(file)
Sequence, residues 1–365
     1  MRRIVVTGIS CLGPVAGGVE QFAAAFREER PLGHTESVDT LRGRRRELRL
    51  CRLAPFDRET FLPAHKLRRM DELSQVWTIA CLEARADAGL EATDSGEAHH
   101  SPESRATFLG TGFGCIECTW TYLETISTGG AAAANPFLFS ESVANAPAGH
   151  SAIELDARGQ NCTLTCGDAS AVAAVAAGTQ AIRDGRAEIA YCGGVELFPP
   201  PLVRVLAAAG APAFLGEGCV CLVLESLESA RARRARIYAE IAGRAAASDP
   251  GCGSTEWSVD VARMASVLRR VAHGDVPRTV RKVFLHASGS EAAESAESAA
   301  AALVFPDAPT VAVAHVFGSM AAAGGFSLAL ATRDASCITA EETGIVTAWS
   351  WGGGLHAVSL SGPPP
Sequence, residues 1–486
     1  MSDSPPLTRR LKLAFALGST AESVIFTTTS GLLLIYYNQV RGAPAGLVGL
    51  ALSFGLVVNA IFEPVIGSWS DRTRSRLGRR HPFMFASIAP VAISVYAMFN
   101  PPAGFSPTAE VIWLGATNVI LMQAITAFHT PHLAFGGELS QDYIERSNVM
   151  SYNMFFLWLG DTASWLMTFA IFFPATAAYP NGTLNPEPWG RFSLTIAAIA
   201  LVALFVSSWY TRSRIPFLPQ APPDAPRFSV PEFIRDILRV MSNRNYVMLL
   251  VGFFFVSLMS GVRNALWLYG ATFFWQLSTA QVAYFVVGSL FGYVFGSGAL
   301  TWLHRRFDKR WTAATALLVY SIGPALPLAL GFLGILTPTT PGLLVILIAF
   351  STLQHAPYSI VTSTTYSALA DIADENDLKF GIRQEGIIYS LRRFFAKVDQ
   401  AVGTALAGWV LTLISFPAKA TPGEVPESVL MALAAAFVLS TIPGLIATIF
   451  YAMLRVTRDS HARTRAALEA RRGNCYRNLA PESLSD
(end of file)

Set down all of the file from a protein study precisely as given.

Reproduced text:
Sequence, residues 1–365
     1  MRRIVVTGIS CLGPVAGGVE QFAAAFREER PLGHTESVDT LRGRRRELRL
    51  CRLAPFDRET FLPAHKLRRM DELSQVWTIA CLEARADAGL EATDSGEAHH
   101  SPESRATFLG TGFGCIECTW TYLETISTGG AAAANPFLFS ESVANAPAGH
   151  SAIELDARGQ NCTLTCGDAS AVAAVAAGTQ AIRDGRAEIA YCGGVELFPP
   201  PLVRVLAAAG APAFLGEGCV CLVLESLESA RARRARIYAE IAGRAAASDP
   251  GCGSTEWSVD VARMASVLRR VAHGDVPRTV RKVFLHASGS EAAESAESAA
   301  AALVFPDAPT VAVAHVFGSM AAAGGFSLAL ATRDASCITA EETGIVTAWS
   351  WGGGLHAVSL SGPPP
Sequence, residues 1–486
     1  MSDSPPLTRR LKLAFALGST AESVIFTTTS GLLLIYYNQV RGAPAGLVGL
    51  ALSFGLVVNA IFEPVIGSWS DRTRSRLGRR HPFMFASIAP VAISVYAMFN
   101  PPAGFSPTAE VIWLGATNVI LMQAITAFHT PHLAFGGELS QDYIERSNVM
   151  SYNMFFLWLG DTASWLMTFA IFFPATAAYP NGTLNPEPWG RFSLTIAAIA
   201  LVALFVSSWY TRSRIPFLPQ APPDAPRFSV PEFIRDILRV MSNRNYVMLL
   251  VGFFFVSLMS GVRNALWLYG ATFFWQLSTA QVAYFVVGSL FGYVFGSGAL
   301  TWLHRRFDKR WTAATALLVY SIGPALPLAL GFLGILTPTT PGLLVILIAF
   351  STLQHAPYSI VTSTTYSALA DIADENDLKF GIRQEGIIYS LRRFFAKVDQ
   401  AVGTALAGWV LTLISFPAKA TPGEVPESVL MALAAAFVLS TIPGLIATIF
   451  YAMLRVTRDS HARTRAALEA RRGNCYRNLA PESLSD